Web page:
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Re: Year 2000 Jane A. Youngers 07 Aug 1997 16:13 EST

Unless I read the NSF IN 120 wrong, it doesn't appear to me that we need to
do anything specific with respect to NSF on the year 2000 problem unless we
are using something in the research project which would be affected.

I think most institutions have committees working to identify and solve
their y2k problems regardless of funding source.


>How are your institutions responding to NSF's recent Important Notice
>about the Year 2000 computer problem? For those of you who haven't
>seen the notice, essentially it is a reminder that recipients of NSF
>grants and contracts need to anticipate and react to any
>computer-related problems that might be caused by the year 2000.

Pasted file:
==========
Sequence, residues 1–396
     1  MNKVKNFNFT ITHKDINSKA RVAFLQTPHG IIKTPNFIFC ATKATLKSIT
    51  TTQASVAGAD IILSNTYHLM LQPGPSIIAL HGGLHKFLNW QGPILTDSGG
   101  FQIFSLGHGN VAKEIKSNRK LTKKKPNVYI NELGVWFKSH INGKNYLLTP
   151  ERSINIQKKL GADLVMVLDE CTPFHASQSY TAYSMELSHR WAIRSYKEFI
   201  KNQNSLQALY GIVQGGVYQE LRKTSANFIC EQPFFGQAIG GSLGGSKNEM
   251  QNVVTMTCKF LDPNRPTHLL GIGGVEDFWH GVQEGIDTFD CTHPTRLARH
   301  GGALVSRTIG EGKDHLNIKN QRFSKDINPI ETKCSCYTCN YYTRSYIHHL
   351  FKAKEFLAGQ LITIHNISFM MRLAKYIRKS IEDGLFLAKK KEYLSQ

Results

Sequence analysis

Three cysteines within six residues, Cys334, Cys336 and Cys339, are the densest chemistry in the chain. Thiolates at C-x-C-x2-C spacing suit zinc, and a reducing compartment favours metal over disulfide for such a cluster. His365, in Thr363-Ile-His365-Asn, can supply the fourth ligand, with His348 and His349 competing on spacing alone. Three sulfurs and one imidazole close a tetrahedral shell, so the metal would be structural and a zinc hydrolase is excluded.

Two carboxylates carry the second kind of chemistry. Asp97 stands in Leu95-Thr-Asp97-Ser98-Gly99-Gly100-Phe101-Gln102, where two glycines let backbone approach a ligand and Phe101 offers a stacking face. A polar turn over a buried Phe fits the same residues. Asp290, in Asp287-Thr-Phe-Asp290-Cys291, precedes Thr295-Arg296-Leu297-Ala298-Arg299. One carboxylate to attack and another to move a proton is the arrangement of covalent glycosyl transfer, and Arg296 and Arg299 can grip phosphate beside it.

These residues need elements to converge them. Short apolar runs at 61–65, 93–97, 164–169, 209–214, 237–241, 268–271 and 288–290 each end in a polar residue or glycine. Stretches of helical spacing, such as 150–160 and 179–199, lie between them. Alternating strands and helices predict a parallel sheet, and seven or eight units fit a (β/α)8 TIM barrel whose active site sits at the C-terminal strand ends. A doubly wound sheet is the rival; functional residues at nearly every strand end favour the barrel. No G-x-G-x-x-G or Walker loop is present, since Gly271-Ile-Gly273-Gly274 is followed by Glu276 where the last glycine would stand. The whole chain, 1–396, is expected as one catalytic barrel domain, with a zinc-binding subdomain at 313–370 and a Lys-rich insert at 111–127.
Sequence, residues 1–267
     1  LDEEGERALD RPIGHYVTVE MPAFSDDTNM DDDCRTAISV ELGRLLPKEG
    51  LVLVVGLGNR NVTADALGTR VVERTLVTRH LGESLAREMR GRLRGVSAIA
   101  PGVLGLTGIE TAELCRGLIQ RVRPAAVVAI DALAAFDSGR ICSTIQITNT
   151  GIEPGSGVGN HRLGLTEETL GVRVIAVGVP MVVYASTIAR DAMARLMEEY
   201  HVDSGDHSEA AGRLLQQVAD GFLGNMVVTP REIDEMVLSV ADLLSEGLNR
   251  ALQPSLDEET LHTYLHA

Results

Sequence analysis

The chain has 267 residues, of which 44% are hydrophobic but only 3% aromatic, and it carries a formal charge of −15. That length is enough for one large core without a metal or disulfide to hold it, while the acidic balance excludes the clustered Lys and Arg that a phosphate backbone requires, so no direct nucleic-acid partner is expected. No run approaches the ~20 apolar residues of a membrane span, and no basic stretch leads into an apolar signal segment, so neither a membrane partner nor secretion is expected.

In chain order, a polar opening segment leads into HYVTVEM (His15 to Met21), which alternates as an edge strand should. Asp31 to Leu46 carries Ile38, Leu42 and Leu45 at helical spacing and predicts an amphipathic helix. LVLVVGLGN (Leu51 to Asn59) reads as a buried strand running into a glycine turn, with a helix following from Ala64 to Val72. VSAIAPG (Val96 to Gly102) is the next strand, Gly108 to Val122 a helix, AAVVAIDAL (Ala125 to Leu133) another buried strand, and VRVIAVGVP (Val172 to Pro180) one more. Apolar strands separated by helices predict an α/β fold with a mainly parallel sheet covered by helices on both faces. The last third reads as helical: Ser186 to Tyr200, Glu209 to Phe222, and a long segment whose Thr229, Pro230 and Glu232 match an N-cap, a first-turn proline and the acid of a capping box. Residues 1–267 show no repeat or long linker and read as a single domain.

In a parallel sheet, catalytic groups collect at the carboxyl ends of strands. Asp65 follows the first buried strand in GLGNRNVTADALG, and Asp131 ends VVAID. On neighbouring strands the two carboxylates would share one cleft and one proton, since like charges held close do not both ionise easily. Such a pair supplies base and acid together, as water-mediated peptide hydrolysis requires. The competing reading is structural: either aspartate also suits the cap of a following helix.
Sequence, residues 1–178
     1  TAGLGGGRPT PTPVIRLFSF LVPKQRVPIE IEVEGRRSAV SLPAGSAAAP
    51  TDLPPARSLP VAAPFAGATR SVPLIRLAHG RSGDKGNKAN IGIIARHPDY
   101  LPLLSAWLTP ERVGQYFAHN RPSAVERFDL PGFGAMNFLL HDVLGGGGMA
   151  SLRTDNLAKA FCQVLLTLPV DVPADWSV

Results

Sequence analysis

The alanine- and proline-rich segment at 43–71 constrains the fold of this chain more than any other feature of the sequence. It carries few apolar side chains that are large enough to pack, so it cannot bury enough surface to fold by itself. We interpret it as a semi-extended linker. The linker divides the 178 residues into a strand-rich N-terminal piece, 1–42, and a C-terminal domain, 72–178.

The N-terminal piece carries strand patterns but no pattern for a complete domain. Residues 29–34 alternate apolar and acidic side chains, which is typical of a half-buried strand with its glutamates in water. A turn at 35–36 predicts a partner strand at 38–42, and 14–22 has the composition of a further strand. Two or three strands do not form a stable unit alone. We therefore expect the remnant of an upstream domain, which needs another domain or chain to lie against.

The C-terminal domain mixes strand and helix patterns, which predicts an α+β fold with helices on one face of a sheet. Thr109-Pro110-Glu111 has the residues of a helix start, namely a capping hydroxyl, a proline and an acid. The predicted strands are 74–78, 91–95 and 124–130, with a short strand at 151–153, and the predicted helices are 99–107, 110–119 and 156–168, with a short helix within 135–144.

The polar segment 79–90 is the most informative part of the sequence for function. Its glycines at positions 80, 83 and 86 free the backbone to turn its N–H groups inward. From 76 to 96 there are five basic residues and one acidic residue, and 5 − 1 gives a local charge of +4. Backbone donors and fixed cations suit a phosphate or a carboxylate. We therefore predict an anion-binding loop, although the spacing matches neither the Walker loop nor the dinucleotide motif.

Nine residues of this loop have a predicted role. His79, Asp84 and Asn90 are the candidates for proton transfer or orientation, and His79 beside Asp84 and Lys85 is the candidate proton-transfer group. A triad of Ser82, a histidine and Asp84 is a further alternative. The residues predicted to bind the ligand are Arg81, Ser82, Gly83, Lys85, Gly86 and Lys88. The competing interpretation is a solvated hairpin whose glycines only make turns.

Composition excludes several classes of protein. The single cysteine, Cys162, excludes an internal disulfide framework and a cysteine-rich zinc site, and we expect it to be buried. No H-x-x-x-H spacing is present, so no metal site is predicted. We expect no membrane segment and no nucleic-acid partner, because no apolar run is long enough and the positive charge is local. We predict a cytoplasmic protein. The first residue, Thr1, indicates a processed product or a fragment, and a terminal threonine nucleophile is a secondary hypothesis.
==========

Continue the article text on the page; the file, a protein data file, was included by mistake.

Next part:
>I've just met with some of the computing folks at my institution who
>are responsible for working on general Year 2000 concerns. We believe
>there are three approaches:
>1. Do an individual project analysis of every NSF-funded project.
>2. Provide information packets to our researchers informing them of
>potential Year 2000 problems and offering assistance. We then require
>them to sign off that they have no related difficulties or are
>working on solving the problem (a similar procedure to conflict of
>interest and other sign offs).
>3. Same information packet, but no sign off required.
>What other approaches might work? What are other institutions doing?
>We're not too concerned with institutional applications (financial
>systems, etc.) but more with individual
>equipment/devices/applications of our researchers.
>Send replies to me, and I'll post a summary to the list.
>Marcia Landen Zuzolo
>Sponsored Research Services
>Bryan Hall Room 1
>Indiana University
>Bloomington, IN 47405
>812-855-0516 (voice)
>812-855-9943 (fax)
>Exaggeration is when you paint a snake, and then add legs.